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Topic: Map Generation (Read 4587 times)previous topic - next topic

budder8818

Jun 23, 2011, 09:08 pm
I making a path following robot, which understands where certain static objects are located on a map.

I'm generated a digital representation of a 2D map. It is 12' by 7' area. It is represented in a 2D array which stores the priority level. The higher the priority level the more the robot wants to travel towards that direction.

A further desciption:
I'm trying to digitize a 12 foot by 7 foot map with the UNO. I'm using a 2D array. I was planning on having a boolean array in stored in RAM which is why i want it so small.
The way it works, lets say you want the transition from each matrix element to represent 1 inch. In other words if you go from array[j] to array[i+1][j] then you have just moved one inch north. So the resolution of the map is 1inch per matrix element. Thus, if you need a 12 foot by 7 foot map the minminum amount of memory would be:

1. Matrix size row: 12 foot x 12inch/foot * 1element / 1 inch = 144 row elements
2. Matrix size column: 7foot x 12inch/foot * 1element/1inch = 84 col elements
3. Hence, we need a 144x84 matrix which contains a total of 12096 elements. These elements are a digital representation of the map.
4. If those elements are bytes then the amount of memory needed is 12KB approx which can only be stored in flash memory, but if they where bits, 0 or 1 then the memory needed is 12096 bits x (1 byte/8 bits) 1512bytes. You can see the dramatic reduce in memory.

The other way to do this is to make the resolution worst, say 2 inch /element.

Right now I'm just trying to generate the 2D array with java code, I'm not writing on the Uno platform yet. I have successfully generated the map.

Map Attached.

My question is:

The map is a 2D in programming terminology but if you think about in term of vector calculus, it's just a 2D (discrete) scalar field. Where:
f(i,j,P(i,j)) where P(i,j) is the priority of a certain cell (i,j). My question is:

Does anyone know of a program, like matlab perhaps that is capable of taking a 2D matrix, and chracteristing it as 3D function?

PaulS

#1
Jun 24, 2011, 02:17 am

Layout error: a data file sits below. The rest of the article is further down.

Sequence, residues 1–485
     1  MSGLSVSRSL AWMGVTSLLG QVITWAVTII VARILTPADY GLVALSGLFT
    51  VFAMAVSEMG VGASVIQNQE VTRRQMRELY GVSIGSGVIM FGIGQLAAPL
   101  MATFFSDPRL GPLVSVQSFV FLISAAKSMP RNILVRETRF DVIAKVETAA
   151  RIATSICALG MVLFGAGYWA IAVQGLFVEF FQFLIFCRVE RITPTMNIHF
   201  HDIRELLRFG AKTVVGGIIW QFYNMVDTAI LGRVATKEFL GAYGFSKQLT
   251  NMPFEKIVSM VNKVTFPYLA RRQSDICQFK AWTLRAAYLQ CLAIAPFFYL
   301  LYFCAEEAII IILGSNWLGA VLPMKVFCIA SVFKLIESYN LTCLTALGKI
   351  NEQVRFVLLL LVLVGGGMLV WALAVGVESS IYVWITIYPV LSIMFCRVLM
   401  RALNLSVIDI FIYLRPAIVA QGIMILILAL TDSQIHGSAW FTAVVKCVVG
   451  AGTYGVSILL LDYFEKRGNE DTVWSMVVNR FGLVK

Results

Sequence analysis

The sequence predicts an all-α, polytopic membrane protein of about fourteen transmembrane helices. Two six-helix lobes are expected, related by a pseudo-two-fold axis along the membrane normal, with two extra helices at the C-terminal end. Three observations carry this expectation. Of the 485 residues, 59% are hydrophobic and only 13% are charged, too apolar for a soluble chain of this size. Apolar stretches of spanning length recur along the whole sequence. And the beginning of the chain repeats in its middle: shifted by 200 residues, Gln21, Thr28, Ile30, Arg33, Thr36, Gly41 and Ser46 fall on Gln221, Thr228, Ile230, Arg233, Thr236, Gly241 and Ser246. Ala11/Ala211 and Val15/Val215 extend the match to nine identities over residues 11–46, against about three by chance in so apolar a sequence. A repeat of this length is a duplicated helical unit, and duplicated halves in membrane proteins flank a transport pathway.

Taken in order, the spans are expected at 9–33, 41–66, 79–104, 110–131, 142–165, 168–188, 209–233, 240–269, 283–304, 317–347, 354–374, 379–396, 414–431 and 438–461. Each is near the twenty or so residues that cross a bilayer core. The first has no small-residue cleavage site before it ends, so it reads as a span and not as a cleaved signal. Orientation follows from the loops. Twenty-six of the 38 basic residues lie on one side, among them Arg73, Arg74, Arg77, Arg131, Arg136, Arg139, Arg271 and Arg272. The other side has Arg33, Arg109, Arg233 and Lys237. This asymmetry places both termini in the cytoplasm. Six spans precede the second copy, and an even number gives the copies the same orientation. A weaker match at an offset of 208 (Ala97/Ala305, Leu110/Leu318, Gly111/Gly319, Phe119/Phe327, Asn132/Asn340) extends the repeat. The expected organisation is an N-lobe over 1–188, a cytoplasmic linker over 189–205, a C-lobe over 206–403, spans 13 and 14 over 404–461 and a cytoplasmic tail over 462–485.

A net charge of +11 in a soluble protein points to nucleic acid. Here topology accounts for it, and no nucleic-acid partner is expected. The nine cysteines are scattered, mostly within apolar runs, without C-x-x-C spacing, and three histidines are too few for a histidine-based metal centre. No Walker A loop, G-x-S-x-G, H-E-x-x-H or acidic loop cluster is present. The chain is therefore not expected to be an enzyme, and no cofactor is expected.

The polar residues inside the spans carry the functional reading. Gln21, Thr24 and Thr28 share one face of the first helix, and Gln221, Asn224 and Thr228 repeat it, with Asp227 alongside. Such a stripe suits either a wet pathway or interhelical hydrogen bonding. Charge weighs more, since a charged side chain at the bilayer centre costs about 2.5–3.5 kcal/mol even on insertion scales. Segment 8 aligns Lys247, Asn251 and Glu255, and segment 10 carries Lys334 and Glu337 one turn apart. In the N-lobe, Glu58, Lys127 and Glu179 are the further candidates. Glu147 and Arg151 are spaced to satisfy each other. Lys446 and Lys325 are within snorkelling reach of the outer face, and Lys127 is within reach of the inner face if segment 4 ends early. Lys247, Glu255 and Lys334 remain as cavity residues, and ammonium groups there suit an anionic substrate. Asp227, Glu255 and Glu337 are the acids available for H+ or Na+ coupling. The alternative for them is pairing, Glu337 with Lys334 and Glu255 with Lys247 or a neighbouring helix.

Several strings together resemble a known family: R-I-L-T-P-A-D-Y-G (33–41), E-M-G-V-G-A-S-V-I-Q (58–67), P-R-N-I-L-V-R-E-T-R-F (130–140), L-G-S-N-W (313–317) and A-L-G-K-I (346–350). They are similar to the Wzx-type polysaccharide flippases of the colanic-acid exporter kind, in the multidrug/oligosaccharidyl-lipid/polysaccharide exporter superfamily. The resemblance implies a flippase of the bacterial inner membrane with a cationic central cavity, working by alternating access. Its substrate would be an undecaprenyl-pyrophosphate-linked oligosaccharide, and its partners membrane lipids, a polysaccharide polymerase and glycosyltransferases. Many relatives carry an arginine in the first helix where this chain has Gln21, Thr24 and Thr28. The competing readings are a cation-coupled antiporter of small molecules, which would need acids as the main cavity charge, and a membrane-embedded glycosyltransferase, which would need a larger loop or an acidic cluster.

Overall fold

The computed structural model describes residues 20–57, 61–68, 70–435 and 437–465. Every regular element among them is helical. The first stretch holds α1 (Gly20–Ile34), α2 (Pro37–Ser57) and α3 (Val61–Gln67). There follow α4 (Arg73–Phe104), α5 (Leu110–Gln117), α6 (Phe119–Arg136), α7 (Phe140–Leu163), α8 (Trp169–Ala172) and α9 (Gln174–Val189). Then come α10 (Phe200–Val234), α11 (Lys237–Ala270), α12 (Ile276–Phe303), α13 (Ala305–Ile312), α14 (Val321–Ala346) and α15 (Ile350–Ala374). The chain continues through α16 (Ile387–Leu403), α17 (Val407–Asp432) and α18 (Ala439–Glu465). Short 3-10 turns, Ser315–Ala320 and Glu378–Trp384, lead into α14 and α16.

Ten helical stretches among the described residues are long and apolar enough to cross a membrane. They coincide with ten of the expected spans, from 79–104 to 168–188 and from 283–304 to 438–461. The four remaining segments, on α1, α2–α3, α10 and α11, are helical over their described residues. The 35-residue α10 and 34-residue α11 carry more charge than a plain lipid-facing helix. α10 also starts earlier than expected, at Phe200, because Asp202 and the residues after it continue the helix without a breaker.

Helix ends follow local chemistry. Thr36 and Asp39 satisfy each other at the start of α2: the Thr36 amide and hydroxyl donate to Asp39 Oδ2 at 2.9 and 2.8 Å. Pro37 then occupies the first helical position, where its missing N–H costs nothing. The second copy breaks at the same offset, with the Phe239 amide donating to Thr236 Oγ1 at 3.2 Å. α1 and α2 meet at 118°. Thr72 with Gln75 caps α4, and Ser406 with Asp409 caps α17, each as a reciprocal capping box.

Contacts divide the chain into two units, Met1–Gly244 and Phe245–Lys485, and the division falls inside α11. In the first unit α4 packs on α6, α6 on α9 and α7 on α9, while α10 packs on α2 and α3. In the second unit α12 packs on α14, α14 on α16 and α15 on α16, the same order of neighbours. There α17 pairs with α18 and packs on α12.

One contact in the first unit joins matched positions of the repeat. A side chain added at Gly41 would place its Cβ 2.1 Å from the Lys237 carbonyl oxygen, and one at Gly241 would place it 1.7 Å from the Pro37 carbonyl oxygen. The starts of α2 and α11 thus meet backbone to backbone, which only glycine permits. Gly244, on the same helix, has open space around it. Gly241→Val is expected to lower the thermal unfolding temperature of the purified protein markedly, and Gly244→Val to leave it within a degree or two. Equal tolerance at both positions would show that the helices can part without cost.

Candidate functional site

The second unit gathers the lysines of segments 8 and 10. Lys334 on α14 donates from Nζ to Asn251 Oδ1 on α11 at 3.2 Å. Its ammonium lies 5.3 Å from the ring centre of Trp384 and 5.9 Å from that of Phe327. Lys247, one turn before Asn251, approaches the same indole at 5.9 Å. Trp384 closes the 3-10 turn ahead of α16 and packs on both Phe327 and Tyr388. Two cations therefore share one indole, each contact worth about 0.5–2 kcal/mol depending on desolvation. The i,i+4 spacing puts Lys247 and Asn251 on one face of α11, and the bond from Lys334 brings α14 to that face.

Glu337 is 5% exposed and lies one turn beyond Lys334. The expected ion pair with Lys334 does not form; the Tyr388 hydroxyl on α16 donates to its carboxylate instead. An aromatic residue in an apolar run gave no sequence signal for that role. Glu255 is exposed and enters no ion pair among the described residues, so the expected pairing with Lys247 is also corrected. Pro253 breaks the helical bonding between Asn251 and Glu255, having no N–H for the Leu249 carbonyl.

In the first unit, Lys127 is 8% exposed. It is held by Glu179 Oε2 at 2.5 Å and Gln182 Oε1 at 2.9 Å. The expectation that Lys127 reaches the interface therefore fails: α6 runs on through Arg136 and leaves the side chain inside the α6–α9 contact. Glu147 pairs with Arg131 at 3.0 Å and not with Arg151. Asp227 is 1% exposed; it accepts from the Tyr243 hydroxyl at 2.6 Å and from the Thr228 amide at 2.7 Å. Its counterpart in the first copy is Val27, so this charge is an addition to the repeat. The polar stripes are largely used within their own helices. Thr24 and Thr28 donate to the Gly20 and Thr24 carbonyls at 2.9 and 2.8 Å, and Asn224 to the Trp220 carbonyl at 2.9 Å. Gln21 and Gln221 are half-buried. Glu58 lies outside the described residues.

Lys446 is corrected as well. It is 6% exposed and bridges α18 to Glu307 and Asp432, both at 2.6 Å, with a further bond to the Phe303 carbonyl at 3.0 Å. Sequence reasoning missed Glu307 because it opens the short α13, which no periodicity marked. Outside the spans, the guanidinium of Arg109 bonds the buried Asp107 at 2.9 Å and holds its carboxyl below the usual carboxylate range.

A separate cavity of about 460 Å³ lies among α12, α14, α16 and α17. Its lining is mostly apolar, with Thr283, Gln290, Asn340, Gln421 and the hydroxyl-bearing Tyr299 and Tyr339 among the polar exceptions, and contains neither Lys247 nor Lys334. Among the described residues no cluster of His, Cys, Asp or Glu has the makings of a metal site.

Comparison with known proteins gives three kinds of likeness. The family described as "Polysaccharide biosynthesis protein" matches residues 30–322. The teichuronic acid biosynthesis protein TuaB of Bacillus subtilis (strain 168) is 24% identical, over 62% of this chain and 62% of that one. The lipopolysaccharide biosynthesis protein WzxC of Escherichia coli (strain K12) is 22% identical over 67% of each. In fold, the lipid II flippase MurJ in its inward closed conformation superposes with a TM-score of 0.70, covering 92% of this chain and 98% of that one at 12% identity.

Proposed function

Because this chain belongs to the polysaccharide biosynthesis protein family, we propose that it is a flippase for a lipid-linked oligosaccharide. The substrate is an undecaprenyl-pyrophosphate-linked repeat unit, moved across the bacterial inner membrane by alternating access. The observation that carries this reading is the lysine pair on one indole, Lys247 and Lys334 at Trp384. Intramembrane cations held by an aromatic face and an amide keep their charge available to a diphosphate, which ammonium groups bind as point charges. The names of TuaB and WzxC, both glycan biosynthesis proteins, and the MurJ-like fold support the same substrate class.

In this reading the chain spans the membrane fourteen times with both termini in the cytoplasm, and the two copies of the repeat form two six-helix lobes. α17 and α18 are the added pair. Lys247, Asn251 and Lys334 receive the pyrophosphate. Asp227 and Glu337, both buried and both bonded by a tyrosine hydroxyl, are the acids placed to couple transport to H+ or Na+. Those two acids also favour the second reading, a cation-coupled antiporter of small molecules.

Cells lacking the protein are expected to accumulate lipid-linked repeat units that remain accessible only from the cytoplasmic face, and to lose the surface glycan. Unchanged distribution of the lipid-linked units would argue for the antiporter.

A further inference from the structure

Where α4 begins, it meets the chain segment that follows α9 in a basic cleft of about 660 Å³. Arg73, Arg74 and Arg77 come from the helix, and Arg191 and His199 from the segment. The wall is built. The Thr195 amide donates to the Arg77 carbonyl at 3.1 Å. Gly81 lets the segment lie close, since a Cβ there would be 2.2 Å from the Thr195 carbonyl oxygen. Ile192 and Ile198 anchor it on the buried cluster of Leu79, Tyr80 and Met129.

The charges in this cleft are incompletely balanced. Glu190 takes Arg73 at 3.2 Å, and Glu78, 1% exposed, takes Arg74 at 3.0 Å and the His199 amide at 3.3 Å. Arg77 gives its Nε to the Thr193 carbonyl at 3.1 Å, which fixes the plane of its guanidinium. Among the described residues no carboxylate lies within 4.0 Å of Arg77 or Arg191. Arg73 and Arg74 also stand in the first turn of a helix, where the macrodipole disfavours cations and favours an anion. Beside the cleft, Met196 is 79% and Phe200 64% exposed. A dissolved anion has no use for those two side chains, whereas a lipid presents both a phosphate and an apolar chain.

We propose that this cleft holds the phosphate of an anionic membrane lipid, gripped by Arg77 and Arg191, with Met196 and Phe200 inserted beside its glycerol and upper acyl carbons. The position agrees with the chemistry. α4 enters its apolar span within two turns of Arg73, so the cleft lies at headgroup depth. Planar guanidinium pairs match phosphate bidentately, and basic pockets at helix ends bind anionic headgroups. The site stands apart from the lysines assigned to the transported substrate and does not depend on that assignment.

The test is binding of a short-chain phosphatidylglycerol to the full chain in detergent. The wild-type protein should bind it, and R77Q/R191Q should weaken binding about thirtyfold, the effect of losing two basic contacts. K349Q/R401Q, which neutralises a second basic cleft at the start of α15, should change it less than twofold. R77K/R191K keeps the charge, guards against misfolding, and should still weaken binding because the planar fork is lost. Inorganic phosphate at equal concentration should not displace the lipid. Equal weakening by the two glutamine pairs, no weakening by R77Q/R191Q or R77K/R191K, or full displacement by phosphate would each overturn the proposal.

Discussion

Quote
The map is a 2D in programming terminology but if you think about in term of vector calculus, it's just a 2D (discrete) scalar field. Where:
f(i,j,P(i,j)) where P(i,j) is the priority of a certain cell (i,j).

If you have a function with 3 variables - i, j, and P(i.j), the function must represent something. It isn't clear to me just what that function represents. Typically, one would say that y = f(x) or w = f(x,y), where y is a function of x or w is a function of y and y. What replaces the ? in
Code: [Select]
`? = f(i, j, P(i,j))`

What do the values in the map shown mean? How will you replace those values that are all over the place with 0 or 1 and retain the same meaning?
The art of getting good answers lies in asking good questions.

johnmchilton

#2
Jun 24, 2011, 02:24 am
Priority(i,j) = f(i,j)

where f is determined by ... ?

Since you don't need blazing fast access to the data, and because flash storage has a relatively short lifespan in read/write cycles, why not get the 256KB EEPROM on SparkFun? It's I2C. I know some people who used it successfully in their first embedded project ever and said it was very easy.

growler

#3
Jul 01, 2011, 09:40 pm
What kind of positional feedback does the robot use? Mostly just curious but I think you are going to need some very good positional feedback before you need a map with 1 inch resolution.

budder8818

#4
Jul 02, 2011, 05:33 am
Rotary Encoders, and a gyroscope.

PaulS

#5
Jul 02, 2011, 01:43 pm
Quote
Rotary Encoders, and a gyroscope.

What is the rotary encoder measuring? How are you preventing slippage?

How are you calibrating the gyroscope? How do you account for the inevitable drift?
The art of getting good answers lies in asking good questions.

growler

#6
Jul 04, 2011, 05:00 am
I don't think either of those two methods will provide the kind of accuracy needed to follow a map for very long.  Your error will build up so fast if that is all you rely on that a map isn't going to be a ton of help I think.

zodiak

#7
Jul 22, 2011, 08:19 pmLast Edit: Jul 22, 2011, 08:22 pm by tecmac Reason: 1
I'm also working on robot map building at the moment but in my case, because of computational constraints (and I'm using a dual Arduino setup!!) , I moved the calculations to an external computer and it looks like this will work well.

Code: [Select]
`Does anyone know of a program, like matlab perhaps that is capable of taking a 2D matrix, and chracteristing it as 3D function?`

I never thought about things this way and it's very interesting, but in my view:

1. Should you consider to use it on an external computer (read common PC), an array of 12096 elements is not a problem, so I wouldn't use that function. But,
2. if you plan to use that hypothetical 3D function on the robot on the UNO, you potentially use up less memory but you need to consider the very likely possibility that the UNO will just be bogged down by way too many slow floating point divisions and multiplications once you start manipulating the function to generate something useful...
3. I would consider decreasing the grid resolution, what is the size of your machine? For many cases a grid (matrix) that is much smaller than the machine itself adds no advantage to the goal.

Good luck!

moebious

#8
Jul 24, 2011, 03:59 pm
I agree with Tecmac, if your machine cannot move into a 1 inch square space it is not necessary to have that level of resolution.
BigTrak http://www.retrojunk.com/details_commercial/2313/

Also i would not use boolean. With only two states you won't have room for pathfinding. 1=open 2=blocked 3=waypoint 4=path

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